CORALVILLE — Federal brownfield dollars have mattered in Coralville, too.
City Engineer Don Holderness marks 27 years on the job in July, and he recalls the 100-plus acres of auto-repair shops, salvage shops, a waste transfer station, adult entertainment venues and all the rest that used to greet motorists coming off Interstate 80 into the city via First Avenue.
It wasn’t pretty.
Today — with the help of a total of $2.27 million in 13 federal brownfield grants — some 90 acres of the old industrial park is the Iowa River Landing development, which features the Marriott Hotel and Conference Center, the University of Iowa’s new health care clinic, mixed-use retail and residential buildings and a new Von Maur department store slated to open this summer.
“In my mind, it’s been a 180-degree transformation,” Holderness says. “When the industrial park was built, it served its purpose to bring industry to Coralville and help develop the city at that point in time. But as time has gone on, the City Council has envisioned a better gateway to the city that would provide more activity and jobs not only for the city but the region.
“And I think that’s what’s happening at the Iowa River Landing. … It’s really been transformed into a regional magnet that’s going to provide a lot of options and opportunities.”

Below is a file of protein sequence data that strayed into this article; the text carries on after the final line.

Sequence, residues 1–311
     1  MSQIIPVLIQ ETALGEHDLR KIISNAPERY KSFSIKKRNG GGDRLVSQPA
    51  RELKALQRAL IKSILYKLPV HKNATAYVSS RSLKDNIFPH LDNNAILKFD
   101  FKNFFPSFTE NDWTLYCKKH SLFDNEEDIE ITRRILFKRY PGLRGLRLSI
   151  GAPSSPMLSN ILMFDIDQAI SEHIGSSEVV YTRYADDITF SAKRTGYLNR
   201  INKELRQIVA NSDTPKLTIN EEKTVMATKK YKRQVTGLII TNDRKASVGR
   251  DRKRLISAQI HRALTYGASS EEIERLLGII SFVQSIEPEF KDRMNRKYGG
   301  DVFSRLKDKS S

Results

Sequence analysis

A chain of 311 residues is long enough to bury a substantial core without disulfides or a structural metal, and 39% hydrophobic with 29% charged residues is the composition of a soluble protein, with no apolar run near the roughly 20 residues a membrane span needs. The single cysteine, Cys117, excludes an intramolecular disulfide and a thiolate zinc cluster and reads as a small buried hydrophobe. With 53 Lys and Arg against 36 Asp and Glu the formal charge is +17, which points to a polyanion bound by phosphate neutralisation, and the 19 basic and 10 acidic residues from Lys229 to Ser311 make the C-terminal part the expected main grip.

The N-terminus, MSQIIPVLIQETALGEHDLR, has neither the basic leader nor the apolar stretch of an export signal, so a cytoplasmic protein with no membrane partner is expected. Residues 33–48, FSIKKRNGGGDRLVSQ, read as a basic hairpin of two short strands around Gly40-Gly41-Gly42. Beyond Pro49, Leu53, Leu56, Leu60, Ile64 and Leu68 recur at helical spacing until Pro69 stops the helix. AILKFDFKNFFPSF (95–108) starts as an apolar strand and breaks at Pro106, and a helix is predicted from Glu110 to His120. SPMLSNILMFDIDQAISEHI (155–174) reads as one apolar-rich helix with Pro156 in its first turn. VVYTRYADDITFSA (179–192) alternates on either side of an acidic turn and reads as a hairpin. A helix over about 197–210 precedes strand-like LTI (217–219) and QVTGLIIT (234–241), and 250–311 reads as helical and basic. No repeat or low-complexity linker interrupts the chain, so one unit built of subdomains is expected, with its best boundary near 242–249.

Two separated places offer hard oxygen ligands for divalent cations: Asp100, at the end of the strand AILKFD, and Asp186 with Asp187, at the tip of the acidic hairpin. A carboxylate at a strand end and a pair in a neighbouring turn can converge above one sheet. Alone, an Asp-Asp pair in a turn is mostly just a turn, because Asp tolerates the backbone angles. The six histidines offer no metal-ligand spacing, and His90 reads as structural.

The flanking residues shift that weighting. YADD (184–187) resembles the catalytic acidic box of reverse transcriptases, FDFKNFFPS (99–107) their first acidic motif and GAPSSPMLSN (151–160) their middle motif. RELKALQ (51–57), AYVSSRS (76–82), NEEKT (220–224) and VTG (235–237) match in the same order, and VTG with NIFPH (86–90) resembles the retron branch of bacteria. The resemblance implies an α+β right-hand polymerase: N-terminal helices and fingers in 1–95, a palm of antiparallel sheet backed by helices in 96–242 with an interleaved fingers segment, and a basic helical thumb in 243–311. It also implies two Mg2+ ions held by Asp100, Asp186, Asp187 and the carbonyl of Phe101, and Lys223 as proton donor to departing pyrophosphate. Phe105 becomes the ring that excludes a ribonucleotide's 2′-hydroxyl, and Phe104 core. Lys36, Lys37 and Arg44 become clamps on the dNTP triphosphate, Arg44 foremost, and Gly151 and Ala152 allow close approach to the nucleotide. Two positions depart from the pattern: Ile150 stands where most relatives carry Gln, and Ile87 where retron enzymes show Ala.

Between 1998 and 2013, the city of Coralville received 13 brownfield grants to conduct assessments and perform some cleanup on properties in what now is the Iowa River Landing development.
“Fortunately, there was not a lot of contamination that needed to be addressed,” Holderness says. “The definition of brownfield is either the real or perceived threat of contamination of a site. Even the perception can be enough to hinder the redevelopment of properties.”
He says conducting the environmental assessments was a challenge because the industrial park had some 110 lots with 75 different owners.
“Without this funding to be able to do all these environmental reports for all these individual properties, it would have made it very difficult for us to get to where we are,” Holderness says. “It’s made a world of difference to us.”